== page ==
-With wider counter attacks through the flanks, they like to keep their fullbacks to the man that's on the ball and give them support with the wingers dropping deeper to help them out defensively and avoid allowing numerical advantages for opponents, as mentioned earlier, which creates a difficult assessment for the opposition to try and break before the chance to counter effectively has diminished.

-Despite their approach to dealing with the wide counter threats, they do have weaknesses defending down the flanks with Tierney not being particularly convincing in that area and Watson sometimes showing his lacking concentration levels by committing to leaving his position a few times too often which creates space behind him that opponents try to exploit.

How New England attacks set pieces

-With corners delivered in from the right hand side, they have one man coming short in case they want to play the corner instead of putting it into the box while they have one player attacking the near post with as many as six players standing near the penalty spot ready to attack for headers. The corners are delivered towards that penalty spot where a couple of players stay to challenge aerially while the others make runs to one of the posts in case of any rebounds or flick-ons that give them an opportunity to score. Here is an example: (Image)

-With corners delivered in from the left hand side, they have a similar routine with one player coming short and four or five attacking either the penalty spot or one of the posts with another player standing at the near post. The ball is again delivered towards that same penalty area where men can challenge for headers to try and score, which is why they overload the same spaces altogether. They do have an extra player standing back though on the edge of the box in case for any loose balls or rebounds while the remaining players stay back in case of counter threats. Here is an example: (Image)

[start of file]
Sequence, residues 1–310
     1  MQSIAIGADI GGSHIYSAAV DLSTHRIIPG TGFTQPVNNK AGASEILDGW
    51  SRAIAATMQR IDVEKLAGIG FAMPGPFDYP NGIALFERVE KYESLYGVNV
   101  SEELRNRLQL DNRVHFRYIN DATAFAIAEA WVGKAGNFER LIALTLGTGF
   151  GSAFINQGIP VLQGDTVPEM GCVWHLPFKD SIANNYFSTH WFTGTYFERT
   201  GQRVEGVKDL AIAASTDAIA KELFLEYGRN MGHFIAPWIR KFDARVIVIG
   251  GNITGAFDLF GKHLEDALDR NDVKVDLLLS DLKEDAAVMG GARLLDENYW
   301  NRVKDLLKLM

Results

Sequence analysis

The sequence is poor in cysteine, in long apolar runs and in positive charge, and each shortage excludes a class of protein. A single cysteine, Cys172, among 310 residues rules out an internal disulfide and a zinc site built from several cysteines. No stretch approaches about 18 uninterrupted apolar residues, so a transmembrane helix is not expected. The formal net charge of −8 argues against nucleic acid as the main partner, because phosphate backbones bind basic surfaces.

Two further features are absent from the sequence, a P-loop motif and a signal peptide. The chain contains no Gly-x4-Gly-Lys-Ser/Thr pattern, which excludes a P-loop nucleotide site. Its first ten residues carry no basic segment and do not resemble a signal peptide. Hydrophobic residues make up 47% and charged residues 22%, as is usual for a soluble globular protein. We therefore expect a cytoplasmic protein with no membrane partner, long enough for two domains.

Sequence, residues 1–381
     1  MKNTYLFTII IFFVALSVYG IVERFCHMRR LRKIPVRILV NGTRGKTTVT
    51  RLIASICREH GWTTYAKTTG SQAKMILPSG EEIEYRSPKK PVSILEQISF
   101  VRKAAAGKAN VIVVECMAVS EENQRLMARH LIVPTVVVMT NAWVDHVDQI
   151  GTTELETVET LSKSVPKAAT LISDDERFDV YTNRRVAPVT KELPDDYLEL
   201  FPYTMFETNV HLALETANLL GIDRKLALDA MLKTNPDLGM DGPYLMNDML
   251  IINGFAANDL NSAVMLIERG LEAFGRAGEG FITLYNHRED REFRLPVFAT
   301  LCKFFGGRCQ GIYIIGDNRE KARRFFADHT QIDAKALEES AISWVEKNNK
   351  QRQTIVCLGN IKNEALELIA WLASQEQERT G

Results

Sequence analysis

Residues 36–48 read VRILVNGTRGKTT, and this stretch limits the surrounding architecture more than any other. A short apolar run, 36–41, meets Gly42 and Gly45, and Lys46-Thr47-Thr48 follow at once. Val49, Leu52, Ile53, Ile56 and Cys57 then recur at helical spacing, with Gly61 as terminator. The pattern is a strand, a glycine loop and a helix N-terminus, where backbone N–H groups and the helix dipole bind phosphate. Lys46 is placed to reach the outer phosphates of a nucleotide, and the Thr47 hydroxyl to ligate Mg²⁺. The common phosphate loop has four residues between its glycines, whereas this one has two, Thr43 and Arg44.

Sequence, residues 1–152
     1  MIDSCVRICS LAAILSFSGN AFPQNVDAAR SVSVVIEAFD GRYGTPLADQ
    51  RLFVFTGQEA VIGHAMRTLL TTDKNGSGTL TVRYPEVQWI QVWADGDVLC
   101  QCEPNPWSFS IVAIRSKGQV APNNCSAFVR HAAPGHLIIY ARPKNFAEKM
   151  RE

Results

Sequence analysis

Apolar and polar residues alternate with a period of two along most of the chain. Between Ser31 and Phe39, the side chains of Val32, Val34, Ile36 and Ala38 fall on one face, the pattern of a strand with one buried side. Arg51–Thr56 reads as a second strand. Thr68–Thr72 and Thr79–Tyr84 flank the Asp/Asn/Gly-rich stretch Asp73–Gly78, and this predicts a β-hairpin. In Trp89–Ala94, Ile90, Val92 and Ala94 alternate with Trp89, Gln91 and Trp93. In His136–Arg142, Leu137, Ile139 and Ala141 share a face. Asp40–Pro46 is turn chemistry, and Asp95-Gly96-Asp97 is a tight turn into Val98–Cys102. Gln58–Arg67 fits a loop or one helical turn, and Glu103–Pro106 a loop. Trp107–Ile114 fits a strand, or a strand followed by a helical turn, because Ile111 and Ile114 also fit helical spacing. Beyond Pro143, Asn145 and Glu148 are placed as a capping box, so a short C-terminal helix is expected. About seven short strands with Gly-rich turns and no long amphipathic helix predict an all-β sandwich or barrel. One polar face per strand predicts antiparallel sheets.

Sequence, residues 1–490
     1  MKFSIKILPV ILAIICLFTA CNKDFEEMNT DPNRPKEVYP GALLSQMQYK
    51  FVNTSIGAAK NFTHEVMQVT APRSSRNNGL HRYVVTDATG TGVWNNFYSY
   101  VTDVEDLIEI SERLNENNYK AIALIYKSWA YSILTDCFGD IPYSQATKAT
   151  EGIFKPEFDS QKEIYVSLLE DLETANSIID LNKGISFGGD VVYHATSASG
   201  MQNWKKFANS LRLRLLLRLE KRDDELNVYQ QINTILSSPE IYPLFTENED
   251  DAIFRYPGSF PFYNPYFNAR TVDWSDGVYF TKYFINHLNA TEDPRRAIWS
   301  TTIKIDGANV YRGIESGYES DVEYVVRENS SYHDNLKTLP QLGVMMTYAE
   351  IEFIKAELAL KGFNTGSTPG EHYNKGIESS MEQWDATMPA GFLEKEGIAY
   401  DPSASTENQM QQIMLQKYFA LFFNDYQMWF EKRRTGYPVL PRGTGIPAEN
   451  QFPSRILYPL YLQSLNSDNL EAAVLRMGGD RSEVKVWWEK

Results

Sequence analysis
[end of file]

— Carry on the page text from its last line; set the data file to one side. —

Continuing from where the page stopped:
-On direct freekick opportunities, they have two players standing over the ball, one right footed and one left footed, with another two close by on either side while there are three of their players that stand in the opposing wall before moving out of it to make room for a shot and another three players are marked by opposing players that are looking to make runs to the near and far posts in case the ball is delivered into the box for a header instead. The remaining players stay back in defense in case of potential counters. Here is an example: (Image)

-As for indirect freekicks, they again have two players standing over the ball, one right footed and one left footed, with another one close by in case they want to play it short while six players are in the box looking to make runs to either post and challenge for headers, particularly on the opposite side of where the freekick is being taken from. The remaining players stay back in defense in case of potentially dangerous counters. Here is an example: (Image)